FAR 31.201-6(e)(3)

8. Comment: Incorrect reference. Two respondents noted that the reference in 31.201-6(e)(3) is incorrect. The reference should be to paragraphs (e)(1) and (e)(2) of that subsection, rather than (f)(1) and (f)(2).

Councils' response: Concur. There is no paragraph (f)(1) or (f)(2) in FAR 31.201-6. The typographical errors have been corrected in paragraphs (e)(2), and (e)(3).

B. Regulatory Flexibility Act

The Councils do not expect this proposed rule to have a significant economic impact on a substantial number of small entities within the meaning of the Regulatory Flexibility Act, 5 U.S.C. 601, et seq., because most contracts awarded to small entities use simplified acquisition procedures or are awarded on a competitive, fixed-price basis, and do not require application of the cost principles and procedures discussed in this rule. An Initial Regulatory Flexibility Analysis has, therefore, not been performed. We invite comments from small businesses and other interested parties. The Councils will consider comments from small entities concerning the affected FAR Part in accordance with 5 U.S.C. 610. Interested parties must submit such comments separately and should cite 5 U.S.C. 601, et seq. (FAR case 2004-006), in correspondence.

C. Paperwork Reduction Act

The Paperwork Reduction Act does not apply because the proposed changes to the FAR do not impose information collection requirements that require the approval of the Office of Management and Budget under 44 U.S.C. 3501, et seq.

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List of Subjects in 48 CFR Part 31

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Dated:September 20, 2004


Director,Contract Policy Division.

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Therefore, DoD, GSA, and NASA propose amending 48 CFR part 31 as set forth below:

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1. The authority citation for 48 CFR part 31 is revised to read as follows:

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Authority: 40 U.S.C. 121(c); 10 U.S.C. chapter 137; and 42 U.S.C. 2473(c).

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2. Amend section 31.201-6 by—

a. Amending paragraphs (a) and (b) by removing “which” and adding “that” in its place each time it appears;

b. Revising paragraph (c);

c. Revising the first sentence in paragraph (d);

d. Amending paragraph (e)(1)(ii) by removing “or” and adding “and” in its place; and

e. Revising paragraph (e)(3).

The revised text reads as follows:

Accounting for unallowable costs.
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(c)(1) The practices for accounting for and presentation of unallowable costs must be those described in 48 CFR 9904.405, Accounting for Unallowable Costs.

(2) Statistical sampling is an acceptable practice for accounting for and presenting unallowable costs provided the following criteria are met:

(i) The statistical sampling results in an unbiased sample that is a reasonable representation of the sampling universe.

(ii) All large dollar value and high risk transactions are separately reviewed for unallowable costs and excluded from the sampling process.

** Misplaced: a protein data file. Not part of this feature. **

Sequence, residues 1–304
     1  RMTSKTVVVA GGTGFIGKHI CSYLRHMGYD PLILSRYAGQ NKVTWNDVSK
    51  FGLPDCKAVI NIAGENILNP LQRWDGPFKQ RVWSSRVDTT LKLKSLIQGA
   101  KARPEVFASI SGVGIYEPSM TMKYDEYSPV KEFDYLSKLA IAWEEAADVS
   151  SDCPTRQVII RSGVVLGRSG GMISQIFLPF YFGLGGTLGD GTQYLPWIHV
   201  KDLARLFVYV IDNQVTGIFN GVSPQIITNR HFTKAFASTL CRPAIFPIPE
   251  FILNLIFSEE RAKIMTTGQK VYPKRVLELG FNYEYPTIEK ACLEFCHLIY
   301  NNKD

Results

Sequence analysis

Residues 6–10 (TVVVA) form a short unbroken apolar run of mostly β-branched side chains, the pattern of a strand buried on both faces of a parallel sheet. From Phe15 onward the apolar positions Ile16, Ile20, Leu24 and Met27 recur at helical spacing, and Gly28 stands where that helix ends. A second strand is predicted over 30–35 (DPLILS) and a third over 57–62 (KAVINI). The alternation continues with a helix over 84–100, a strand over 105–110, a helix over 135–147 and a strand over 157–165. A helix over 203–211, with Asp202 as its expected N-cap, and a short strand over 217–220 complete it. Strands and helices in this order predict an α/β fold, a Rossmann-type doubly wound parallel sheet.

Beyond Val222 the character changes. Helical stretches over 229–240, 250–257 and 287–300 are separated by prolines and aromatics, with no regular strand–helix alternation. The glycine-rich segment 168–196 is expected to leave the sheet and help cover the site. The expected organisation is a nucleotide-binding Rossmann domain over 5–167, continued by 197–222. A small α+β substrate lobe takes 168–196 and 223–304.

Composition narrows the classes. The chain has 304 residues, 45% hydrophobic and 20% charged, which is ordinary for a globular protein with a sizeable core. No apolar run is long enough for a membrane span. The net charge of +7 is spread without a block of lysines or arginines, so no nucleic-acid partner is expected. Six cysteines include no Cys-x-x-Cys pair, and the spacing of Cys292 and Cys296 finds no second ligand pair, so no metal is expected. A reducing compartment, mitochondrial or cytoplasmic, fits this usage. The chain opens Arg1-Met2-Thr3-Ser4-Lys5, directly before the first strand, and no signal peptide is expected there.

(iii) The statistical sampling permits audit verification.

(3) For the purposes of applying the penalty provisions at FAR 42.709, when statistical sampling is used for accounting for and presenting unallowable costs—

(i) The following amounts must be excluded from any final indirect rate proposal or final statement of costs incurred or estimated to be incurred under a fixed-price incentive contract submitted to the Government:

(A) The amounts projected to the sampling universe for any expressly unallowable costs in the sample.

(B) The amounts projected to the sampling universe for any costs in the sample determined to be unallowable for the contractor before proposal submission.

(ii) Any amounts that are not excluded in accordance with paragraph (c)(3)(i) of this subsection are subject to the penalties provisions at FAR 42.709.

(iii) The provisions of paragraph c)(3)(ii) of this subsection do not apply to the following:

(A) Contracts that are $500,000 or less.

(B) Fixed-price contracts without cost incentives.

(C) Firm-fixed-price contracts for the purchase of commercial items.

(4) Use of statistical sampling methods for identifying and segregating unallowable costs should be the subject of an advance agreement under the provisions of FAR 31.109. The advance agreement should specify the basic characteristics of the sampling process.

(d) If a directly associated cost is included in a cost pool that is allocated over a base that includes the unallowable cost with which it is associated, the directly associated cost shall remain in the cost pool. * * *

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(3) When a selected item of cost under 31.205 provides that directly associated costs be unallowable, such directly associated costs are unallowable only if determined to be material in amount in accordance with the criteria provided in paragraphs (e)(1) and (e)(2) of this subsection, except in those situations where allowance of any of the directly associated costs involved would be considered to be contrary to public policy.

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[FR Doc. 04-21640 Filed 9-27-04; 8:45 am]